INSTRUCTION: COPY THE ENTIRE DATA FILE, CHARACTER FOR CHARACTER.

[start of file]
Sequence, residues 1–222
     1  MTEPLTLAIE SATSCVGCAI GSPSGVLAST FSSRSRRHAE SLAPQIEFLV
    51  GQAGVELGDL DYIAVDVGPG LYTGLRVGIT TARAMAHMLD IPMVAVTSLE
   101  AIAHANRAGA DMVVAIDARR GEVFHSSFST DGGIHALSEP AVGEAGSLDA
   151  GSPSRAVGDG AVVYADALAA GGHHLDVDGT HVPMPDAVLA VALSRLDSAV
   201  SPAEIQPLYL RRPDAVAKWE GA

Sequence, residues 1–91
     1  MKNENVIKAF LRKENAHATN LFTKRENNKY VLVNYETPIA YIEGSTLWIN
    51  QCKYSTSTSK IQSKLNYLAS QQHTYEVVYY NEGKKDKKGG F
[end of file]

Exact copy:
Sequence, residues 1–222
     1  MTEPLTLAIE SATSCVGCAI GSPSGVLAST FSSRSRRHAE SLAPQIEFLV
    51  GQAGVELGDL DYIAVDVGPG LYTGLRVGIT TARAMAHMLD IPMVAVTSLE
   101  AIAHANRAGA DMVVAIDARR GEVFHSSFST DGGIHALSEP AVGEAGSLDA
   151  GSPSRAVGDG AVVYADALAA GGHHLDVDGT HVPMPDAVLA VALSRLDSAV
   201  SPAEIQPLYL RRPDAVAKWE GA

Sequence, residues 1–91
     1  MKNENVIKAF LRKENAHATN LFTKRENNKY VLVNYETPIA YIEGSTLWIN
    51  QCKYSTSTSK IQSKLNYLAS QQHTYEVVYY NEGKKDKKGG F